Monday, September 8, 2014

X-Wing tutorial : Repainting the Millenium Falcon

Would it help if I got out and pushed?

Starting from this line, I knew that to properly represent the Millenium Falcon I would need to push my weathering techniques to the max and get away from my confort zone.



Here you can see the various paints I used:
Main hull:
- pro-color white
- atronomican grey
- ceramic white
- chaos black
- shadow grey
- scab red
- codex grey

Cockpit :
- dwarf flesh
- Fluorescent orange

Weathering:
- mars black (oil)
- burnt umber (oil)
- raw sienna (oil)

The first step was to block out the main colors. On a black undercoat, I airbrushed pro-color white at an angle to keep some shadows, insisting on raised areas. Then I took my trusty raphael 1 brush and painted the colored pannels in scab red and shadow grey. The access holes and engines received a coat of chaos black.

Top:

Bottom:

Next came the weathering. Dipping a torned bit of foam in white and various shades of grey I painted a pattern of small dots on the hull:



The second step was the oil wash. The model was varnished with satin varnish then I prepared my usual mix of black oil paint + lighter fluid and applied generously:

Using Q-Tips damp with lighter fluid, I then removed the excess wash on the panels.
Sorry for the lack of pictures here.

I then highlighted the top edges of all panels with ceramic white:

Then I threw caution out the window, and started experimenting with oils directly on the model.
I first mixed a bit of umber and black to create a dark brown color that I applied lightly with a brush to the area close to the engines (use a special brush for that folks, you do not want to mix oil into your regular acrylic brushes!). You can be a bit sloppy here as the next step will cover mistakes. You should use a dabbing motion more than brush stroke.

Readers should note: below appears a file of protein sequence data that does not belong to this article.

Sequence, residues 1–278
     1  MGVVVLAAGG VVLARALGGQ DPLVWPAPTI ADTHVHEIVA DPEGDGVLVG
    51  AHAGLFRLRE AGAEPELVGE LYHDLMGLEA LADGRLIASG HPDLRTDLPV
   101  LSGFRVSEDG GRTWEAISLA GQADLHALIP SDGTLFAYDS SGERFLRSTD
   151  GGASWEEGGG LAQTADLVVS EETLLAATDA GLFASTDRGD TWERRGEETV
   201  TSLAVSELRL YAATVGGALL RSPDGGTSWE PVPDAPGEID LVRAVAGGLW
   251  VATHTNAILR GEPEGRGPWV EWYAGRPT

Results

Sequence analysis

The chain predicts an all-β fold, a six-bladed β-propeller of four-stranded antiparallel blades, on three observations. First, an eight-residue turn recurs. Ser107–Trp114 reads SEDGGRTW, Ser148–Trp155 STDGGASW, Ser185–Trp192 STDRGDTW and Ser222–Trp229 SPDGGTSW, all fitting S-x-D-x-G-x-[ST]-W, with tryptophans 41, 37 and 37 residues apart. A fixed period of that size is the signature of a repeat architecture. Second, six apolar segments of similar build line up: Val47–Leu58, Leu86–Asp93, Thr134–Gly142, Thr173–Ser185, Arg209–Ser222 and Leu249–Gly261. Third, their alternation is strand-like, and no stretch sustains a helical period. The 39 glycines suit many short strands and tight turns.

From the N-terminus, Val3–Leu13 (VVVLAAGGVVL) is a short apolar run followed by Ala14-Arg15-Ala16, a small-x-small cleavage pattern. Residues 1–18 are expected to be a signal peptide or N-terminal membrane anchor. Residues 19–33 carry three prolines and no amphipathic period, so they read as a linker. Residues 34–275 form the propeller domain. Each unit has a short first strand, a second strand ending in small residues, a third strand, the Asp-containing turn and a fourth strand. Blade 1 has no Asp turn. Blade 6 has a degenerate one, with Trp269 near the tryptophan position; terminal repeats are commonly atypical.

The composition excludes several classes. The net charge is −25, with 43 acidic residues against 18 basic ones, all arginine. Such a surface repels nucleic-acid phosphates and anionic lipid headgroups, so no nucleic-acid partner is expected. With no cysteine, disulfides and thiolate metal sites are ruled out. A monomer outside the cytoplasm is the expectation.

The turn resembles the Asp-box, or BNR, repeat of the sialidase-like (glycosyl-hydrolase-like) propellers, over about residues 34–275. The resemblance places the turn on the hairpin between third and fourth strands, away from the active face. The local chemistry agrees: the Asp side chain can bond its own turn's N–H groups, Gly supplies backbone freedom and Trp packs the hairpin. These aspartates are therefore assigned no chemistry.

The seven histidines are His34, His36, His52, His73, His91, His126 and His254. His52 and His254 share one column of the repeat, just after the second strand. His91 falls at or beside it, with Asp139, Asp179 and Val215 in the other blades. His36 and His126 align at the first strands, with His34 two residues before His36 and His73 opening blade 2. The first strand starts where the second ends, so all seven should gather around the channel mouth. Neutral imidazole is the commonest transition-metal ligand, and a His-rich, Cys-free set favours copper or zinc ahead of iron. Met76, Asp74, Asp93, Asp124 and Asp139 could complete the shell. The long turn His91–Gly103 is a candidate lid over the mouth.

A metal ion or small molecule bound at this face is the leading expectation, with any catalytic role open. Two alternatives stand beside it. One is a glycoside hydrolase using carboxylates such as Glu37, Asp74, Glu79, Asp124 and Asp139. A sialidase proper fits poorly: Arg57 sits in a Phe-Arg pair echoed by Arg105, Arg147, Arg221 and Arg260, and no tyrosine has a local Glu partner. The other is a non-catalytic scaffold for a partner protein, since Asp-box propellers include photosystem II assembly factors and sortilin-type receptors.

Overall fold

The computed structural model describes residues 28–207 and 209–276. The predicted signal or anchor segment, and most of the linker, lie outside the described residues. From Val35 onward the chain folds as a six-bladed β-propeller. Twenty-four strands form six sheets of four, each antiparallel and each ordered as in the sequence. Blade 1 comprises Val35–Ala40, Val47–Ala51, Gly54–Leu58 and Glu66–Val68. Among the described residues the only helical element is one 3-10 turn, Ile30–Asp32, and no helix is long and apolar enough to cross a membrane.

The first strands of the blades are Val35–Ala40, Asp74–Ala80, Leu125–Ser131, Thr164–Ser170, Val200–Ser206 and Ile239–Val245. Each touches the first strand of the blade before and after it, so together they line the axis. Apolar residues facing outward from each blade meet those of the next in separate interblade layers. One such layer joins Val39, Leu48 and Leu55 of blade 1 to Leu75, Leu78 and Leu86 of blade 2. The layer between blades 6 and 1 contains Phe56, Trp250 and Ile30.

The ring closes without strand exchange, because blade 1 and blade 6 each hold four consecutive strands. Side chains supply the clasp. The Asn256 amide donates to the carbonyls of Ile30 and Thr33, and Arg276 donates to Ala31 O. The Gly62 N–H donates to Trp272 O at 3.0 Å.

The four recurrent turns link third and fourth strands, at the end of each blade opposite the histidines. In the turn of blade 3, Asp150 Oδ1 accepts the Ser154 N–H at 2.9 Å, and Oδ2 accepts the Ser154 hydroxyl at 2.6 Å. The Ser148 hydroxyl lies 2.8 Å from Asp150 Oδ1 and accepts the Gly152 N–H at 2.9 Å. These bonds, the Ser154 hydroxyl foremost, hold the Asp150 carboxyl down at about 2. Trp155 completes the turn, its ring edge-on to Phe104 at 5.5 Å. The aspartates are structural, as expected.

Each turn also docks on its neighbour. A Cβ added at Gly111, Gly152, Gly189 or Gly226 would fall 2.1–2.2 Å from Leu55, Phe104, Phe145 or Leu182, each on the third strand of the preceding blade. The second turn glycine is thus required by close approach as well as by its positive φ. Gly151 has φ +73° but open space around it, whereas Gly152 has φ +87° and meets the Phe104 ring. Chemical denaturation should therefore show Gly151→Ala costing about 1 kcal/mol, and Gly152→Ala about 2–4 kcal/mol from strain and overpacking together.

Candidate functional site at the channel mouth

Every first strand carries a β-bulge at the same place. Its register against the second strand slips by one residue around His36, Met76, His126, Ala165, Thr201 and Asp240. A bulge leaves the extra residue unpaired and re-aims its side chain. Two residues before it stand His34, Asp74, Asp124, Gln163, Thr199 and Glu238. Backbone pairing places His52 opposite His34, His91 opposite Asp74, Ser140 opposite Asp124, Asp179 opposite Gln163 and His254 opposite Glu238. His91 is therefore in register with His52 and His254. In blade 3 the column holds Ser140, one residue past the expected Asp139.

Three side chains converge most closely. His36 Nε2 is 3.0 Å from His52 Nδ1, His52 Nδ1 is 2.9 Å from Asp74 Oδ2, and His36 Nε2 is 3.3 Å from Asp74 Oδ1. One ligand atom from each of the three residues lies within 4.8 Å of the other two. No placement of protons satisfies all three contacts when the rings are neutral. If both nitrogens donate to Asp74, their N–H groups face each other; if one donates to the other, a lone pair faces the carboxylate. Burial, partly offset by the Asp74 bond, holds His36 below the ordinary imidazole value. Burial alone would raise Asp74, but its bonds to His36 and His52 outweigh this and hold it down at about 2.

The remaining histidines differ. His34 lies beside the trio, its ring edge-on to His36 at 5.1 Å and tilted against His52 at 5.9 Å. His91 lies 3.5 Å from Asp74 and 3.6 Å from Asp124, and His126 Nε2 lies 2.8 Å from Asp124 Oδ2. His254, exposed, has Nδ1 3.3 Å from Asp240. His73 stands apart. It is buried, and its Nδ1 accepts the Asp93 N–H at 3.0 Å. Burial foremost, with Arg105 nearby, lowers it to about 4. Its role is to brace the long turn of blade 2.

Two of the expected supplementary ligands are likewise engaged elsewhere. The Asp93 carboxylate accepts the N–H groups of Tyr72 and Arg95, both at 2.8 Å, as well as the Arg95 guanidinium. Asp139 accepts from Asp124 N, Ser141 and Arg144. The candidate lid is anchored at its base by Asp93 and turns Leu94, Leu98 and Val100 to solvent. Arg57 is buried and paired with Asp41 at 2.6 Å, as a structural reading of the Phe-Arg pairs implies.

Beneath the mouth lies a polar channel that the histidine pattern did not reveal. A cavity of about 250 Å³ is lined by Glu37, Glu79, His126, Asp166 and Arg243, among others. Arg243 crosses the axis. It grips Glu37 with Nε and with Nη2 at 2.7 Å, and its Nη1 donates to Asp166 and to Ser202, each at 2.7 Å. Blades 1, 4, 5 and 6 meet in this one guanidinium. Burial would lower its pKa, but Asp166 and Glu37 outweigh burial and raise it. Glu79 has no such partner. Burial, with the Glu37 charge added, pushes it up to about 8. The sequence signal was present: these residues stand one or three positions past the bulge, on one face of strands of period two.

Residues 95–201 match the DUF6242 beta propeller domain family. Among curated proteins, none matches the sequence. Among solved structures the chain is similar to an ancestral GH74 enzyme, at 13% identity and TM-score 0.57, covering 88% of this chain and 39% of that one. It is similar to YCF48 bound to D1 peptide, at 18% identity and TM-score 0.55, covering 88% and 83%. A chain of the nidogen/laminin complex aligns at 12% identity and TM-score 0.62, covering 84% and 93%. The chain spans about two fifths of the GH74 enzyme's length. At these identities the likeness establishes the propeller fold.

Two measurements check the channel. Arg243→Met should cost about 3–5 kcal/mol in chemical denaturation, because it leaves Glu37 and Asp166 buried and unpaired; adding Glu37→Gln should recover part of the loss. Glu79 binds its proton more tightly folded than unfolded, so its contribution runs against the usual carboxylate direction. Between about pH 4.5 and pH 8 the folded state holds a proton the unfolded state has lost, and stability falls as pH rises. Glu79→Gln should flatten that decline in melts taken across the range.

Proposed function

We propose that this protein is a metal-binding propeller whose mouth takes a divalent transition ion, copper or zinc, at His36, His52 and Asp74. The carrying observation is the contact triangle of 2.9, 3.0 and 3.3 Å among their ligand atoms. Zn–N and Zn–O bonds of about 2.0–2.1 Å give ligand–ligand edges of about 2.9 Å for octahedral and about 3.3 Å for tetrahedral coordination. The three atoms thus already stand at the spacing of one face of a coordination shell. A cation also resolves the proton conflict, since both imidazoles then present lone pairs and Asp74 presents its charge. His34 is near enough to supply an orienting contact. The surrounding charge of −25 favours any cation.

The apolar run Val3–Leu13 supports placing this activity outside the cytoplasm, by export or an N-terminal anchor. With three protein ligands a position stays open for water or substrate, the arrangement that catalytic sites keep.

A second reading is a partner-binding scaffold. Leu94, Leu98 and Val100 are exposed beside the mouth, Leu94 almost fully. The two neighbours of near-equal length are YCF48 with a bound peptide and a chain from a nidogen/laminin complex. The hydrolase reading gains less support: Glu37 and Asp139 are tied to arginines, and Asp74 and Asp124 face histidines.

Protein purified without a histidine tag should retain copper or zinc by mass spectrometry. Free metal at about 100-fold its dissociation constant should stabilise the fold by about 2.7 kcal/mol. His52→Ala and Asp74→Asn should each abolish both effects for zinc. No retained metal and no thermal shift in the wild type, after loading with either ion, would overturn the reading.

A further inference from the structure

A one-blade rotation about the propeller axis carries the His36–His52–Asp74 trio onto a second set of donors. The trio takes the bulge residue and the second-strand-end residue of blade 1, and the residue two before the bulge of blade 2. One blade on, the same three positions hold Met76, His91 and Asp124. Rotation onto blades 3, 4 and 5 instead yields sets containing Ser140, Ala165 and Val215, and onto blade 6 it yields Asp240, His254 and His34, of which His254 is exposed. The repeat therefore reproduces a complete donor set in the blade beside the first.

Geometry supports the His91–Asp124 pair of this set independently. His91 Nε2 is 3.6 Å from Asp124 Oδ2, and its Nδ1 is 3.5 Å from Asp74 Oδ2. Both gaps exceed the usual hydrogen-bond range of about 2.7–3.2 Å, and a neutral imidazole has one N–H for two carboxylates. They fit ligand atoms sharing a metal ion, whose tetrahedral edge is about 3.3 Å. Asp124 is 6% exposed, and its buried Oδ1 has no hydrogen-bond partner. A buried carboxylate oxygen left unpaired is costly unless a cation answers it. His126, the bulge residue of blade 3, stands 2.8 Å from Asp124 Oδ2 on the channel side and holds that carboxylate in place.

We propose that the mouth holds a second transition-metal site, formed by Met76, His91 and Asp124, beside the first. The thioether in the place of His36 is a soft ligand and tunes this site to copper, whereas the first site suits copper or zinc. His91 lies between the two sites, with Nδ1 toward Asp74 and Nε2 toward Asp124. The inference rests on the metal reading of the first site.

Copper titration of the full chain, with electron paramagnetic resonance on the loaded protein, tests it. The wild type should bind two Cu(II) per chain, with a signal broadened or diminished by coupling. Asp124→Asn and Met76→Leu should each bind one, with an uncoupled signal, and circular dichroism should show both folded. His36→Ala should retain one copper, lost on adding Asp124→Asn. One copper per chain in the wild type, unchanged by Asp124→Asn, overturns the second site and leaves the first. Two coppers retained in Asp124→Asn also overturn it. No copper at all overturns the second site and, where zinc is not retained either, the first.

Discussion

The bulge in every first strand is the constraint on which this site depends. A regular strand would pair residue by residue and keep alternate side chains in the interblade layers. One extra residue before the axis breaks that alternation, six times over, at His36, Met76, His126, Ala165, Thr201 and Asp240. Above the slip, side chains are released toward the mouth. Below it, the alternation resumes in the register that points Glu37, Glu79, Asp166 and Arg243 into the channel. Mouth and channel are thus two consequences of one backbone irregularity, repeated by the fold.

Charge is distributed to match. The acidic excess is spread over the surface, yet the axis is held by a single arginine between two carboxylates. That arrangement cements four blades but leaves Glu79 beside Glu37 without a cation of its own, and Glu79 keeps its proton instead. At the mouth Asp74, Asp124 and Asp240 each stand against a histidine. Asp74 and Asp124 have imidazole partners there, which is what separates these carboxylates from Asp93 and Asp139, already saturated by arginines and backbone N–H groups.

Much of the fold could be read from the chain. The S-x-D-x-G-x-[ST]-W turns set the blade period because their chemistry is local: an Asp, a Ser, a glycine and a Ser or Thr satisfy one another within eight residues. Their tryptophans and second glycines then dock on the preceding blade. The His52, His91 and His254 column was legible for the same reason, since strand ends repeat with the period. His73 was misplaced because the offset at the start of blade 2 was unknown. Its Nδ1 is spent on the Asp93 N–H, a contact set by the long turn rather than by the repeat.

Using a lighter fluid damp Q-tip, then I went over the oils, gently fading the edges:

I did the same on the bottom edge of the open access panels. Then painted the canopy with dwarf flesh fading to black toward the front.
At that moment the model was a bit too blue and lacked the characteristic rusty spots of the Falcon so I decided to try some oil filters. I applied raw sienna in small dots to the hull at random points:

Then gently worked them in a general rust stain shape with a dry Q-Tip:

If the rust stain is too intense, you can go over it with a lighter fluid damp q-tip to blend the edges.
That's when I decided it was good enough! Letting the oils dry over night, I varnished again the model with matt varnish.
To give bit more contrast to the canopy I finished by blending fluorescent orange to the rear areas then varnished it with gloss varnish.


I then posted the paintjob online and got quite a few positive returns, but with several saying that the weathering was not pushed enough, that the Falcon was too clean.

Challenge accepted!

First using a mix of chaos black and scorched brown I added lots of water stains, starting from the top of the panels and small details and going toward the edge of the ship. Then using the previous oil technique, I added a dark stain around the central round panel.



Now it really looks the part!

Hope this helps, don't hesitate to ask if you have questions in the comments.

Time to reload,
Ica

3 comments:

  1. The water stains really make the falcon. Looks fantastic! Absolutely lovely falcon

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  2. Looks nice and gritty like a smuggler's ship should. Outstanding work, sir.

    ReplyDelete
  3. The water stains are brilliant, it's amazing the difference they make to the overall look of the model. Bookmarking this for future reference :)

    ReplyDelete